Most people use an 800x600 screen resolution, but the email preview pane is usually much smaller than the full screen. So format your HTML table widths at 500-600 pixels at the most. Better still, use a relative (percentage) width table, which will allow your newsletter to be resized when viewed in different sized windows.

    11. Create AOL Friendly HTML Newsletters

    AOL try to protect their users by eliminating potential security hazards. As such, AOL email clients do not support the following HTML objects:

    ActiveX
    Audio
    External Style Sheets
    Frames and IFrames
    Java
    Meta Refresh
    Scripts: JavaScript, Perl, VBScript, etc.
    Tooltips
    Video

    In addition, the following HTML tags are the only ones supported by AOL email clients:

    Big: Big
    Body: Body
    Bold: B
    Break: BR
    Center: Center
    Font: Font
    Header: H1, H2, H3
    Hyperlink: A
    Italics: I
    Paragraph: P
    Small: Small
    Strong: Strong
    Subscript: Sub
    Underline: U

    12. Include AOL Clickable Links

    AOL users can't click standard hyperlinks or email links. For links to work in AOL email clients, you must format them using HTML. This is why you sometimes see both standard and HTML formatted links.

    For example:

    http://www.Mikes-Marketing-Tools.com
    <a href="http://www.Mikes-Marketing-Tools.com">AOL Link</a>
    <a href="http://www.Mikes-Marketing-Tools.com">AOL Users Click Here</a>
    <a href="http://www.Mikes-Marketing-Tools.com">www.Mikes-Marketing-Tools.com</a>

    joebloggs@somedomain.com
    <a href="mailto:joebloggs@somedomain.com">joebloggs@somedomain.com</a>

    13. Spell Check Your Writing

    Last but not least, always spell check your newsletter. Text editors, such as TextPad, include a spell check function.

    If yours doesn't, then copy and paste the text into Microsoft Word (assuming you have it). Make sure you have the "Check spelling as you type" option switched on.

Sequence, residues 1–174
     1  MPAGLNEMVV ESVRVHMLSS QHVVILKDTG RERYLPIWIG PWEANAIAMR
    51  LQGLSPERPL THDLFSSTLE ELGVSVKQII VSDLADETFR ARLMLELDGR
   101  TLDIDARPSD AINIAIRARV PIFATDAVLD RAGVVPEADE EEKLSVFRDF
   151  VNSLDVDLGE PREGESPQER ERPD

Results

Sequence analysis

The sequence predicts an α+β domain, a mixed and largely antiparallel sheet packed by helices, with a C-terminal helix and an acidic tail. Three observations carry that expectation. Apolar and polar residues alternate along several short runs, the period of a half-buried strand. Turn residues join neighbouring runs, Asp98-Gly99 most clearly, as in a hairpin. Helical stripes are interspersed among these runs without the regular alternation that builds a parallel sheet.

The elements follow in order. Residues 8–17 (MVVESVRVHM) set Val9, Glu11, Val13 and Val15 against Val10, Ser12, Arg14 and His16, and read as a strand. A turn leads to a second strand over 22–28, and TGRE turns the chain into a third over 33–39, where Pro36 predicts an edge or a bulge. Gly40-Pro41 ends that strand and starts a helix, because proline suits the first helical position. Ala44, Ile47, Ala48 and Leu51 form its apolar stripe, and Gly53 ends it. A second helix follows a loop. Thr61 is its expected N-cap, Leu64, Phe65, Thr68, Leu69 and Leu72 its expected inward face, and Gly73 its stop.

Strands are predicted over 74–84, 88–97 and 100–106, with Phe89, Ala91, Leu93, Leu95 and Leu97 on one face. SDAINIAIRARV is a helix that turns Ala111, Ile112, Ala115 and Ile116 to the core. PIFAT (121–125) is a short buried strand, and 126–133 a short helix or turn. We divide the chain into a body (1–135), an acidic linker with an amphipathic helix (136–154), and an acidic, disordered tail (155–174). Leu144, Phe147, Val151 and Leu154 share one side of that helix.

To set this, select "Options" under the "Tools" in the top menu bar. Then select the "Spelling & Grammar" tab. Under "Spelling" check the "Check spelling as you type" check box and click "OK." Word will underline all of the words that contain spelling errors.

    Alternatively, check your spelling using SpellOnLine, a free online spell checker. It offers an English, French, Italian, Portugese and Spanish dictionary. You can even use it to spell check web pages.

    Michael Wong is a successful and respected search engine optimization specialist, and author of several search engine ebooks. Mike is also the Editor of Mike's Marketing Tools, the leading review site for the very best web marketing tools.



    DISCLAIMER: The content provided in this article is not warranted or guaranteed by Developer Shed, Inc. The content provided is intended for entertainment and/or educational purposes in order to introduce to the reader key ideas, concepts, and/or product reviews. As such it is incumbent upon the reader to employ real-world tactics for security and implementation of best practices. We are not liable for any negative consequences that may result from implementing any information covered in our articles or tutorials. If this is a hardware review, it is not recommended to open and/or modify your hardware.